I’ve built so many relationships on the bike…that’s a really sacred thing for me. –Kristin on cycling

USA Cycling has traditionally been a competition-focused organization, but now they’re expanding their membership inviting everyone to come “ride with us”.  With a USA Cycling Ride Membership, you get networked with an active and passionate cycling community, a “nation of cyclists at your side”.  I’m super stoked to see this, because my cycling life weaves together so many reasons to ride–affordable & healthy transport, making social connections, exploring nature, the love of cycling–and racing is a part of that larger whole.  I started cycling in 1997, but I didn’t join USA Cycling until 2003, when the Reno Wheelmen turned me on to cycle sport.

Now USA Cycling is embracing this convergence of the everyday part of cycling with the sporting aspect, recognizing that out of many cycling loves we are all one.  It’s a brilliant move because there are so many people who have the desire to bicycle for so many good reasons (health, wellness, independence, environment, community, social connections, accessibility).  Uniting the community of aspirational cyclists with experienced ones will quicken the acquisition of knowledge and skills, making cycling a habit in more people’s lives, and a growing part of our toolkit for making our communities 21st century successes.  The spirit of cycling is good for us, one that keeps growing in our lives the more we keep sharing it and enjoying it together.

Check out USA Cycling’s welcoming video, come ride with us–

“We ride for adventure. We ride for stories. We ride for fitness. For relationships and community. For rhythm. For competition and for our country. Whatever your reasons for riding, joining the USA Cycling community will help you to get the most from your riding and support the sport you love.”
Join USA Cycling

Go USA Cycling!  Keep on developing excellence!  And embracing everyone!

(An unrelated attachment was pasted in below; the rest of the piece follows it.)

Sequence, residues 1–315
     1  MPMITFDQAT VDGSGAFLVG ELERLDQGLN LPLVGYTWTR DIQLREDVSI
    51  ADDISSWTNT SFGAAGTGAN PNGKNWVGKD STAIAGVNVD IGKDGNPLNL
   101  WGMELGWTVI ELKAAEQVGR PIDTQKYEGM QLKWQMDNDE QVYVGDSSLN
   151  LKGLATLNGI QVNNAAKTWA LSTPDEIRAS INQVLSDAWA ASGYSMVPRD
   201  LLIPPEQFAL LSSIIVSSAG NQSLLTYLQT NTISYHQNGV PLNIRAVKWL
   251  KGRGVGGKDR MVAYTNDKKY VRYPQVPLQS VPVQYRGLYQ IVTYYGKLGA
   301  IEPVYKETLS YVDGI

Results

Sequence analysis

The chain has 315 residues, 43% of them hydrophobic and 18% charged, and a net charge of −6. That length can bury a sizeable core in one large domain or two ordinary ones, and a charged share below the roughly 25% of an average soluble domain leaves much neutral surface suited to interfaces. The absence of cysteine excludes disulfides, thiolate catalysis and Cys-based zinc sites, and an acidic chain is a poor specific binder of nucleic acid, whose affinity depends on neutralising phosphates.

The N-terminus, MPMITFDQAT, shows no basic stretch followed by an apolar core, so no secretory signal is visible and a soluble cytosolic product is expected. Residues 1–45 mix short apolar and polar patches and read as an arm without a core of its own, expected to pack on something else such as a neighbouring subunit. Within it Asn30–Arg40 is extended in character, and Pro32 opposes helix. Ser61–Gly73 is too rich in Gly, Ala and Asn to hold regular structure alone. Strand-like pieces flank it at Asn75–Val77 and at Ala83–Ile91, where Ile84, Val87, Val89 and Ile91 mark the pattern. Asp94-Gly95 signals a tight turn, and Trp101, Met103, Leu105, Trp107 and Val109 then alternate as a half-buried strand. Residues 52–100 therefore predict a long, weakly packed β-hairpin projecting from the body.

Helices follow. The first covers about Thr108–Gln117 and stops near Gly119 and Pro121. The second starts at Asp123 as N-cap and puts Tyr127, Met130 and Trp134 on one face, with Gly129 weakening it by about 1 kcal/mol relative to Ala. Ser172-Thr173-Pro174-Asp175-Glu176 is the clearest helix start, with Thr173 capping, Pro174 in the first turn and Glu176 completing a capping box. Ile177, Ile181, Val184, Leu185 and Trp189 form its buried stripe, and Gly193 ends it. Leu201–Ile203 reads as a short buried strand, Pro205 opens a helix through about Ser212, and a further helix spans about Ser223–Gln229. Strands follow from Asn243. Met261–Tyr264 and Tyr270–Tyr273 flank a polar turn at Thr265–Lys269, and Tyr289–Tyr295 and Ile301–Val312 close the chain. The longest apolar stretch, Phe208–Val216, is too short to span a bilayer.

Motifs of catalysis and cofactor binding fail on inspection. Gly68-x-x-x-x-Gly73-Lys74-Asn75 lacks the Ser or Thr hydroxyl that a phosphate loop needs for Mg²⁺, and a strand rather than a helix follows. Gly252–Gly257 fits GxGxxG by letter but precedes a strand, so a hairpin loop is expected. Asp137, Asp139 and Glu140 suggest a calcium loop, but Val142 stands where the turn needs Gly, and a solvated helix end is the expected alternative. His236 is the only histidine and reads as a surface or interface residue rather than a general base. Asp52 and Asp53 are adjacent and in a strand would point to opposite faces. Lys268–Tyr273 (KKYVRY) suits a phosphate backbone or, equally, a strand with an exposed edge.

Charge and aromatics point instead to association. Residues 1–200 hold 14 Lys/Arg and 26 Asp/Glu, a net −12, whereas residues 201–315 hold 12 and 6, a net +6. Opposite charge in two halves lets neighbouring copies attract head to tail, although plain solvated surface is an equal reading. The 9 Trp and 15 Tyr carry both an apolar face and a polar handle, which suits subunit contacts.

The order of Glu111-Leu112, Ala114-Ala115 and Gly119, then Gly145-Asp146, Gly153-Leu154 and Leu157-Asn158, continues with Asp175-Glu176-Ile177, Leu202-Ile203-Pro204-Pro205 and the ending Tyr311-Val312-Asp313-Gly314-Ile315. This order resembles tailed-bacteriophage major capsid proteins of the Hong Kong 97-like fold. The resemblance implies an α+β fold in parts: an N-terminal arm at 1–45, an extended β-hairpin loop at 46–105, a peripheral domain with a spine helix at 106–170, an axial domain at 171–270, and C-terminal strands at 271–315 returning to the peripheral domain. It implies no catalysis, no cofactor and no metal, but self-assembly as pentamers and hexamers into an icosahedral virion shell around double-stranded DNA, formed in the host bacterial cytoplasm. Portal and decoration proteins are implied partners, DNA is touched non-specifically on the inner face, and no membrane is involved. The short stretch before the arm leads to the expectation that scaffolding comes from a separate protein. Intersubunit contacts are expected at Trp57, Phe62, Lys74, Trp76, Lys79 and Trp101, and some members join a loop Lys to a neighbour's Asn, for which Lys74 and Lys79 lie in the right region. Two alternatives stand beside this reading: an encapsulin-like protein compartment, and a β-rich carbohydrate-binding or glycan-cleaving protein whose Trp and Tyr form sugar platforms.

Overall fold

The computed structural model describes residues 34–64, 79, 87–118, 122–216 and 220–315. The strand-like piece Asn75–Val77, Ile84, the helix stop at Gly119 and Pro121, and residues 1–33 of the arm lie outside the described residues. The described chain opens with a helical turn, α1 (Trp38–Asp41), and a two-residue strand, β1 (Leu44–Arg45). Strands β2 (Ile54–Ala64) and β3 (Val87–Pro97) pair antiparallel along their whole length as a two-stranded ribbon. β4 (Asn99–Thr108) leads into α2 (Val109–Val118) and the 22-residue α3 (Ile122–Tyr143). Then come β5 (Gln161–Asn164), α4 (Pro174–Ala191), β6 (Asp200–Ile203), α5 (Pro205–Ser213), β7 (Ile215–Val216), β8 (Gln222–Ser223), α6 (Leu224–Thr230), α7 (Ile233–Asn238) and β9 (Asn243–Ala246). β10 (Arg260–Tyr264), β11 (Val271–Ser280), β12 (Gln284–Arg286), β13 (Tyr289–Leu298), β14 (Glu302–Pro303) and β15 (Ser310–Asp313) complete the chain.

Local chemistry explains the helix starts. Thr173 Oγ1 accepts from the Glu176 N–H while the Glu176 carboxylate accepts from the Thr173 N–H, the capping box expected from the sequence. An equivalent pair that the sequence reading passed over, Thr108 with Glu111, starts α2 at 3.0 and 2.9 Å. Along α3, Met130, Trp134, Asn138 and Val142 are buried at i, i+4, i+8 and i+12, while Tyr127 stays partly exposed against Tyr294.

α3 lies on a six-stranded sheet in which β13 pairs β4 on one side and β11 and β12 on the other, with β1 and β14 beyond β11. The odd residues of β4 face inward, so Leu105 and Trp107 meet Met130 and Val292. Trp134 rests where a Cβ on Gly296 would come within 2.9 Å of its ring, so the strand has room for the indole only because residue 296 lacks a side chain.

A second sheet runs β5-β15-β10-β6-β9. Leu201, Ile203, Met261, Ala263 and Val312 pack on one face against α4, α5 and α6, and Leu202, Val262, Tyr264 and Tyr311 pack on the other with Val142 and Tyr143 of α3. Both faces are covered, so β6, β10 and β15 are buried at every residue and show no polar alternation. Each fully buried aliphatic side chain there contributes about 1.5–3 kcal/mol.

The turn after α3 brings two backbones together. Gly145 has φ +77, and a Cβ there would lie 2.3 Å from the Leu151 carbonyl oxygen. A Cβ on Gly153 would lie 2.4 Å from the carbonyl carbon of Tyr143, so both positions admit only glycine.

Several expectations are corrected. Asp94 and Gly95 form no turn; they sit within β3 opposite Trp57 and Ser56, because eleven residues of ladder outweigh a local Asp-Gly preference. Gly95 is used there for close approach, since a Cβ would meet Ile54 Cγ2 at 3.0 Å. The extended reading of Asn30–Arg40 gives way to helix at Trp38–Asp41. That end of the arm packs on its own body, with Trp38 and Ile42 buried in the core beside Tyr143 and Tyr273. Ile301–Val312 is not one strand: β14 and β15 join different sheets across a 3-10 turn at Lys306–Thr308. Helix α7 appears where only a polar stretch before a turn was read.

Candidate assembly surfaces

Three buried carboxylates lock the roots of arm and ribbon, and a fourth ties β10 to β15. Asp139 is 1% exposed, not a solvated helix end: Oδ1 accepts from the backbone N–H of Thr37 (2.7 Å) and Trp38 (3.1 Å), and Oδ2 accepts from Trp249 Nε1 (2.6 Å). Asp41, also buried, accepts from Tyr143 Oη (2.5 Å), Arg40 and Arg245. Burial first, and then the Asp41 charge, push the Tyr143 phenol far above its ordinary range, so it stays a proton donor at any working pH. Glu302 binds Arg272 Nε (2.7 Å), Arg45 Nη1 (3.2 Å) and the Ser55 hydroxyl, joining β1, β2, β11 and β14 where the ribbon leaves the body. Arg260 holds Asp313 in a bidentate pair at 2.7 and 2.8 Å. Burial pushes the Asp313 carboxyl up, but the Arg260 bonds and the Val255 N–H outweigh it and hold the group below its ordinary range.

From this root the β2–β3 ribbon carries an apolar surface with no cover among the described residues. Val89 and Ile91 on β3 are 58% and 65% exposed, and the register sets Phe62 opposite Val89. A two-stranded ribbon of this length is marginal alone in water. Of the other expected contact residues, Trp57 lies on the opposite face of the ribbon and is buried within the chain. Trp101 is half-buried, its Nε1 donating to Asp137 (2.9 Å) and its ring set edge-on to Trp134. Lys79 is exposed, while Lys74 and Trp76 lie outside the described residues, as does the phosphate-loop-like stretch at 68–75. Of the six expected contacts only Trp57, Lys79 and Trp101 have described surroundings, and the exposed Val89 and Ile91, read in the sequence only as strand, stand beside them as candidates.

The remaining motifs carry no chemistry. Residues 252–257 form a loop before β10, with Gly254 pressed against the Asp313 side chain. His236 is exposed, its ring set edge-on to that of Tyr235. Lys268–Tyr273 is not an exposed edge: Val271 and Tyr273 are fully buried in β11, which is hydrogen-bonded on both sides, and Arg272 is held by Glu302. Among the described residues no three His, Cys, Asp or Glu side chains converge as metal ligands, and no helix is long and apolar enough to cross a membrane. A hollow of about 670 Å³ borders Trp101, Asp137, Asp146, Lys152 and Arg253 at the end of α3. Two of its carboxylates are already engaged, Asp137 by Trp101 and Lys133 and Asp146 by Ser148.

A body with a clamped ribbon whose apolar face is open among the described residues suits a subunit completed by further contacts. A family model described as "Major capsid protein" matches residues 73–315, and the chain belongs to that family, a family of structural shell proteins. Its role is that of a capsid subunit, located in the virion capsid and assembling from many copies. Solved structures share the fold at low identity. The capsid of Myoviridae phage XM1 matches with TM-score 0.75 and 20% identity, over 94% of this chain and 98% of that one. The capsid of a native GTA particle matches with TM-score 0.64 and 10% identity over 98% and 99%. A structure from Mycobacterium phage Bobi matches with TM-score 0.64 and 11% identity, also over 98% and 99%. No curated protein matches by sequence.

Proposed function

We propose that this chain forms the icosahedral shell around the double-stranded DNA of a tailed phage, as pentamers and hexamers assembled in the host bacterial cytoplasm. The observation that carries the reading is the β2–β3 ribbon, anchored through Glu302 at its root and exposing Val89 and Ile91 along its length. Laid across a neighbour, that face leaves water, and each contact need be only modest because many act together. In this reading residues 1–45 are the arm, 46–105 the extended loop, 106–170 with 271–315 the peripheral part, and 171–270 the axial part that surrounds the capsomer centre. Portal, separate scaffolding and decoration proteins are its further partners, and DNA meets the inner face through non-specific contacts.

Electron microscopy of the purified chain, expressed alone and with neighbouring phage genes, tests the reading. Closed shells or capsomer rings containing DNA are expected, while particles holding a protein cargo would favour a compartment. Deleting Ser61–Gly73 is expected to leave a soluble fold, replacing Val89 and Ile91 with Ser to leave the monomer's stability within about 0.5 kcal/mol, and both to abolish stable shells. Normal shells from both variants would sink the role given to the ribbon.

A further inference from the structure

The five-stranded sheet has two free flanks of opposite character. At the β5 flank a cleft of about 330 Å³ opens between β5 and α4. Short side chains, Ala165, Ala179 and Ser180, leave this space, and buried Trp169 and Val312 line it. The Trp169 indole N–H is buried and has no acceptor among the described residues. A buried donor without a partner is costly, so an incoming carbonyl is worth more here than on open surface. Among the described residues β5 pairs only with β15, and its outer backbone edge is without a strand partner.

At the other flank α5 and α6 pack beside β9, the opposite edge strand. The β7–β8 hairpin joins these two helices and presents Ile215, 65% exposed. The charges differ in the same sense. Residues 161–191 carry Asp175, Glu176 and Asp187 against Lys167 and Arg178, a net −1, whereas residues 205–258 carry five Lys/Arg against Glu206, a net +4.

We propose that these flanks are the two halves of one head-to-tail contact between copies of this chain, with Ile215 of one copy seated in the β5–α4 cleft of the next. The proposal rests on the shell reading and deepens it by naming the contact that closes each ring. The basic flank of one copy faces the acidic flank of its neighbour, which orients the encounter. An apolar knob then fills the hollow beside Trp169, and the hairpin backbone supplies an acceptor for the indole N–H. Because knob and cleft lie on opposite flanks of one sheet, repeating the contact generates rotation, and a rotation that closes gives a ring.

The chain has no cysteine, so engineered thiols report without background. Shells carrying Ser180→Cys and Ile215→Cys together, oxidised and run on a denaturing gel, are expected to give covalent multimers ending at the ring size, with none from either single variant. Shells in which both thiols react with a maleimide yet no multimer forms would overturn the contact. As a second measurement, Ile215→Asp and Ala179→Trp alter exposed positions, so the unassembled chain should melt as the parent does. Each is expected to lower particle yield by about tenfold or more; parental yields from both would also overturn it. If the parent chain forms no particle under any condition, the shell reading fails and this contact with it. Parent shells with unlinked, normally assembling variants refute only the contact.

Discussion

People shining in the streets

There is no way of telling people that they are all walking around shining like the sun.  —Thomas Merton on an ordinary day in Louisville, KY

Freedom in a free society is supposed to be for all. Therefore, freedom rules out imposing on the freedom of others. You are free to walk down the street, but not to keep others from doing so. –George Lakoff, “Why Hate Speech is Not Free Speech

One of the most beautiful experiences in any city is the street scene, with all kinds of people moving around.  When we are missing that, we lose a certain sense of community.  That’s why it is so essential to design our streets around a social operating concept.  Streets can imbue human beings with a sense of dignity.  They are one of our most interactive spaces.

When UNM President Chaouki Abdallah first visited Albuquerque, he thought “it looked like a Third World Country”.  Then he woke up the second day, saw the mountains, and thought “this could work”.  As we reimagine our city, remember the environment we build is human habit, natural habitat, we live here.  And our streetscapes are a product of our collective imagination.

When people are walking and cycling about, shining in our streets, a sense of buoyancy abounds.  It’s uplifting to all of us, our common humanity.  Let’s encourage more of that with planning and designs.  And make sure we integrate everything we need to live with conviviality, including all of nature.  Our streets help us become native to place.  We can feel at home here. Imagine living happily and healthily on safe and peaceful streets, for us, and for our children.

Every time I see an adult on a bicycle, I no longer despair for the future of the human race.  — H.G. Wells